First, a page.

General Anesthesia

Dr. Ayush PandeyMBBS,PG Diploma

November 29, 2018

March 06, 2020

General Anesthesia
General Anesthesia

What is General Anaesthesia?

General anaesthesia is used to produce a state of controlled unconsciousness, which is required to perform surgical procedures (so that the person does not move, or feel pain during the procedure). Medications known as general anaesthetics are used to put you to sleep, or make you feel comfortable or safer during the surgery.

Why is it done?

It is done to:

  • Relieve pain if the surgery would be too painful or will take long.
  • Make you feel comfortable or relax you by taking care of anxiety.
  • Help in surgeries which can affect your ability to breathe.

Who needs it?

General anaesthesia is required in the following cases:

  • Surgical procedures requiring deep relaxation for long periods of time
  • Surgeries in which local or regional anaesthesia is insufficient.
  • Surgeries with expected significant blood loss
  • Surgeries with expected breathing issues.
  • Uncooperative patients require general anaesthesia even for smaller procedures

How is it performed?

It is performed as follows:

  • Before beginning the surgery, a specialist called anaesthetist will take a thorough medical history which includes a history of allergy, smoking, drinking and medications consumed by you regularly. Instructions on food or liquid intake will be given to you.
  • The anaesthetic medication given to you could be either of the following:
    • Liquid: This is injectable and is injected into the veins using a cannula (a thin, plastic tube feeding into a vein).
    • Gas: Which is inhaled using a mask.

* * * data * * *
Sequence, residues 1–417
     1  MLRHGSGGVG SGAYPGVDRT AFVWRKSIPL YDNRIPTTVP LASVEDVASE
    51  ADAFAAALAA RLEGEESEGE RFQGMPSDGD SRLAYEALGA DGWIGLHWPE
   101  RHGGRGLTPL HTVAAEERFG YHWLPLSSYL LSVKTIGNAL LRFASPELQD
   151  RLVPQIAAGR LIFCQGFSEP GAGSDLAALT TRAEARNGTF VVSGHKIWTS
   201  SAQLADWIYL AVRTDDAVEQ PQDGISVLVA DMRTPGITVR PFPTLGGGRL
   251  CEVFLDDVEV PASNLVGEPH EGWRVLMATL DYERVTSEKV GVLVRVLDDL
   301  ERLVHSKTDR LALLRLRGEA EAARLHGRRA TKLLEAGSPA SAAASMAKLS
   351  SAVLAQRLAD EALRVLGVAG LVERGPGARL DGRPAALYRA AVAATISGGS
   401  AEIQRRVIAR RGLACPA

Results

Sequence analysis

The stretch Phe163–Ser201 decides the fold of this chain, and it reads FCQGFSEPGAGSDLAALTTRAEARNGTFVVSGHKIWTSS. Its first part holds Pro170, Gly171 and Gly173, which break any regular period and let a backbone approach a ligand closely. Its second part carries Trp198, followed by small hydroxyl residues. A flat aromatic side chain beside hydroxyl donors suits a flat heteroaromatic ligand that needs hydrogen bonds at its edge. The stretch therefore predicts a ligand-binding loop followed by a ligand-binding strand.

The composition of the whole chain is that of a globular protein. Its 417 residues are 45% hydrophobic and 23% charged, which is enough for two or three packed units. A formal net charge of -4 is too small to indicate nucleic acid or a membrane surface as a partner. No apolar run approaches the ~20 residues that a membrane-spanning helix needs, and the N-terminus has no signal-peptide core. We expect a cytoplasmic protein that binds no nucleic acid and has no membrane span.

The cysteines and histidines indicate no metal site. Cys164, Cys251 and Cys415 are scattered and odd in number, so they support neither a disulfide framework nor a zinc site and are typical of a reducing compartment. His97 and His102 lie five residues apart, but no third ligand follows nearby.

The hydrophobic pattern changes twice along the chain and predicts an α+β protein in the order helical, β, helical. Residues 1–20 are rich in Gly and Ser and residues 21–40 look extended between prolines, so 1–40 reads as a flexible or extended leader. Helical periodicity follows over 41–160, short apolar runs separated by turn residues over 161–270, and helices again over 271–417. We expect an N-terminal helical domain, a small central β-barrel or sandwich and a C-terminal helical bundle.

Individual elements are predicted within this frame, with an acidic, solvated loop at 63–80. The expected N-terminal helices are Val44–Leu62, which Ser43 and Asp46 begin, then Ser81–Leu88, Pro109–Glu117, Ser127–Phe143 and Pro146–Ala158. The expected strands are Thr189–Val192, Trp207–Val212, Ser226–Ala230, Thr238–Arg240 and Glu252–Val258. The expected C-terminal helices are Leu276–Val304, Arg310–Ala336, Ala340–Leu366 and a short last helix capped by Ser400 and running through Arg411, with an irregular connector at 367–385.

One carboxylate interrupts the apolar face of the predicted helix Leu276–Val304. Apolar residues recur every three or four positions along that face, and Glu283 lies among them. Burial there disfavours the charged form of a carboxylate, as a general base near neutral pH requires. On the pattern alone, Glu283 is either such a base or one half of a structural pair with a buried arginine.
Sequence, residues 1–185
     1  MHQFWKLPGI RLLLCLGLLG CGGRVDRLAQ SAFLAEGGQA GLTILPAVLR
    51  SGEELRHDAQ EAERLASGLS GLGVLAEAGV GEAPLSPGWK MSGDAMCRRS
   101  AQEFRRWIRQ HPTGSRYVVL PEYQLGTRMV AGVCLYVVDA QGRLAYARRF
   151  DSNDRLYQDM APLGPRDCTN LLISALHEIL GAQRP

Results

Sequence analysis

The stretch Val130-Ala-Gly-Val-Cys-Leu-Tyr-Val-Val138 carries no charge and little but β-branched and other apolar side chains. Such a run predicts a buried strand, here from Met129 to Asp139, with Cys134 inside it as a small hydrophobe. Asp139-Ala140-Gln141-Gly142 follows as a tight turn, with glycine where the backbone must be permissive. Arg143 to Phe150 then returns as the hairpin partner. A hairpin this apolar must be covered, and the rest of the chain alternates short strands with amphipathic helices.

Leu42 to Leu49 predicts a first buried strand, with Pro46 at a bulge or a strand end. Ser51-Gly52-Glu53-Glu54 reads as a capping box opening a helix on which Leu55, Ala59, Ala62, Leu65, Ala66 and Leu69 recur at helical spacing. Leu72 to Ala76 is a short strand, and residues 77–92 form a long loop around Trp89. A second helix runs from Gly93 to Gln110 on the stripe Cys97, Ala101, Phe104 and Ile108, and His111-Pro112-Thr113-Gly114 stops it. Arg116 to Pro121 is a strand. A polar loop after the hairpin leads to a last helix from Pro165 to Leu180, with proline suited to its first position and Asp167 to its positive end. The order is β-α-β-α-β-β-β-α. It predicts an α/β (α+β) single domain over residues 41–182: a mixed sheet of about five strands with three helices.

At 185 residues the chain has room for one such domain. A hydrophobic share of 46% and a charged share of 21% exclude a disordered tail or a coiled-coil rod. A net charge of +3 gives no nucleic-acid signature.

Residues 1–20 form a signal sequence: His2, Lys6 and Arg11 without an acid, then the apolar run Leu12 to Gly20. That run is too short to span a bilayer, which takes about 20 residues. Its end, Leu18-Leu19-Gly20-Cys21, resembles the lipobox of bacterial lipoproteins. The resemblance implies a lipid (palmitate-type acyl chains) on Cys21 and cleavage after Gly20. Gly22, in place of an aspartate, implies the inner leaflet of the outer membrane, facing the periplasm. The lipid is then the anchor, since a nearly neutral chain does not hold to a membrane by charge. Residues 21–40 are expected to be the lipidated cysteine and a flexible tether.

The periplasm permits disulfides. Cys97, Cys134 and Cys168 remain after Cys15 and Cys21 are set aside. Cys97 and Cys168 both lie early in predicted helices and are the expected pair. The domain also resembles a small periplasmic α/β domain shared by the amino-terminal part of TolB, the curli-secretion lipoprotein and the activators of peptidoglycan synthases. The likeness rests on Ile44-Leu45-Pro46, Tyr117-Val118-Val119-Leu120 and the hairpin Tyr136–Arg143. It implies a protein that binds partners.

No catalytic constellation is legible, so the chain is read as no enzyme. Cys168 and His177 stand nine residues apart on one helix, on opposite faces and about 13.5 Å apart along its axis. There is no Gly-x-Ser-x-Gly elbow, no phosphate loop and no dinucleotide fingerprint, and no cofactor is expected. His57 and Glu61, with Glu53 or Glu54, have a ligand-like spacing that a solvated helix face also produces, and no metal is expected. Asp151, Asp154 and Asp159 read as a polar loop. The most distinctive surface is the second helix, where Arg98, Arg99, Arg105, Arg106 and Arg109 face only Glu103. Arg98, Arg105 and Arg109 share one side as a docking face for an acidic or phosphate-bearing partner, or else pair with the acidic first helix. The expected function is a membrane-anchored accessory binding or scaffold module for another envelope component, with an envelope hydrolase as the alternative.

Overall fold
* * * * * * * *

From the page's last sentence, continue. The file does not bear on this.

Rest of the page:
• The passage of signals along the nerves is interrupted by the anaesthetics, thereby inhibiting the sensation of pain recognition by the brain.
  • Once the effect of anaesthetic starts, the individual experiences a feeling of light-headedness, before becoming unconscious within a minute or so. This will stay so throughout the procedure. Intravenous painkiller medications are also given for taking care of post-operative pain.
  • Throughout the procedure, the vitals (pulse, breathing and blood pressure) are monitored.


  1. National Health Service [Internet]. UK; General anaesthesia
  2. Better health channel. Department of Health and Human Services [internet]. State government of Victoria; General anaesthetics
  3. Smith G, Goldman J. General Anesthesia for Surgeons. In: StatPearls [Internet]. Treasure Island (FL): StatPearls Publishing; 2019 Jan-.
  4. MedlinePlus Medical Encyclopedia: US National Library of Medicine; General anesthesia
  5. André Gottschalk et al. Is Anesthesia Dangerous?. Dtsch Arztebl Int. 2011 Jul; 108(27): 469–474. PMID: 21814522

Medicines for General Anesthesia

Medicines listed below are available for General Anesthesia. Please note that you should not take any medicines without doctor consultation. Taking any medicine without doctor's consultation can cause serious problems.